The first time I attended a writers’ conference I found out that the novel I’d just written was totally wrong. Plotting, characters, pacing . . . all wrong. The professional editor who taught the course also evaluated the writing sample I’d sent, and by the end of my critique session, I felt like he’d put my manuscript through a paper shredder.
After my wounded pride healed, I spent the next year re-writing my novel following his advice. I returned to the conference confident that I’d done everything right. But there was a different teacher this time and according to him, I’d still done everything wrong. A year’s worth of work—all wrong. His critique of my manuscript ended like the first one—shredded.
I returned home too discouraged to write and began reading the novels on both instructors’ recommended lists. Presumably, these authors had written their novels “correctly.” I began with a book that the first instructor had praised—and couldn’t finish it. It was boring enough to cure insomnia. I turned to the second list, and while these books didn’t put me to sleep, I still didn’t enjoy them.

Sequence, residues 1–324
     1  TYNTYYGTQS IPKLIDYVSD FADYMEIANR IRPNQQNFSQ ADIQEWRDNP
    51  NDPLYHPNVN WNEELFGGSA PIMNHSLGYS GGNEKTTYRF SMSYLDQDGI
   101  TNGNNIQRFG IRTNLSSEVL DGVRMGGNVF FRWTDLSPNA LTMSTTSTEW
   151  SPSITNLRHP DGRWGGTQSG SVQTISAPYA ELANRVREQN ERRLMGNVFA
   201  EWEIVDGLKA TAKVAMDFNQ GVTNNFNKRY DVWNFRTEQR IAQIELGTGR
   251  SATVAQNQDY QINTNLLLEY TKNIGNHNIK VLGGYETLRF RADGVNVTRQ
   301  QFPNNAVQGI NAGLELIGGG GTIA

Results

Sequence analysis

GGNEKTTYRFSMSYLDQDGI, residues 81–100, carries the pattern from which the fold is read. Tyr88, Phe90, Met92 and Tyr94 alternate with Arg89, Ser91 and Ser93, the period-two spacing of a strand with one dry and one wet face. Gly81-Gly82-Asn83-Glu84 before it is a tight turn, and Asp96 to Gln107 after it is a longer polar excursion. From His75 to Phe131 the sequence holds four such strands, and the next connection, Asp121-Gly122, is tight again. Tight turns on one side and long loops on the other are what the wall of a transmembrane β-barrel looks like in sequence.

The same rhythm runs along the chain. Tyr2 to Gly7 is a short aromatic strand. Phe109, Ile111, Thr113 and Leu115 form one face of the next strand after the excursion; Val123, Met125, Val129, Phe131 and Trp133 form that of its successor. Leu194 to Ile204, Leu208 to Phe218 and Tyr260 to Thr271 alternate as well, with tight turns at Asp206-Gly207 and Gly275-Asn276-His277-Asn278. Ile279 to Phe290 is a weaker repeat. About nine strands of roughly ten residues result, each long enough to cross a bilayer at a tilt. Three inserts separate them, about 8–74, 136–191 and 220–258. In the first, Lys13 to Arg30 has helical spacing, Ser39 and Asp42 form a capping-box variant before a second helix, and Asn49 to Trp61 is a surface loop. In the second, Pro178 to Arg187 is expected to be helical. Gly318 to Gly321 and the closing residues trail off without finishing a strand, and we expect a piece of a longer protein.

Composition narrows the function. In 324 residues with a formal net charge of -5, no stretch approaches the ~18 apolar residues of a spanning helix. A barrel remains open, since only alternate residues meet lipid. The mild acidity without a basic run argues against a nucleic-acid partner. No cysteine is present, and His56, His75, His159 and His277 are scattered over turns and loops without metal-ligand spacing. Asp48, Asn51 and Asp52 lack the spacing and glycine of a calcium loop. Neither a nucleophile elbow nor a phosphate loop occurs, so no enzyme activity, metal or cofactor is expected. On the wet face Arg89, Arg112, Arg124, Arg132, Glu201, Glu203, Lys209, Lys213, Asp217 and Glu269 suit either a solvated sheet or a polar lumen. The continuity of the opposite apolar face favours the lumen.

Then I read an article in Writer’s Digest magazine that told me the absolutely correct way to write a novel. My way! I learned that my two instructors represented opposite ends of a continuum of writing styles. The first loved literary novels and believed books should be character-driven. The second loved action-packed novels that were largely plot-driven. I wanted my novel to fall in between with strong characters and a vivid plot.
The answer wasn’t to throw out everything I’d learned from both teachers because they’d taught me the basic rules of good writing. Instead, I began analyzing books by my favorite authors using both sets of guidelines, beginning with three of my favorites: Maeve Binchy, Rosamunde Pilcher, and Chaim Potok. Their characters are so real and engaging they feel like old friends. And their plots never fail to deliver a story I can’t put down. As I spent the next year re-writing my novel, I finally found my own style and voice.
Take my advice . . . learn all the rules of good writing from a wide variety of authors and teachers. Tear apart novels by authors you love, chapter by chapter, sentence by sentence, to see how they do what they do. Then listen to what your heart tells you. Trust your instinct. If you believe in yourself, in your own unique storytelling style and voice, you’ll learn to sift through all the conflicting advice that comes your way—and write your own story.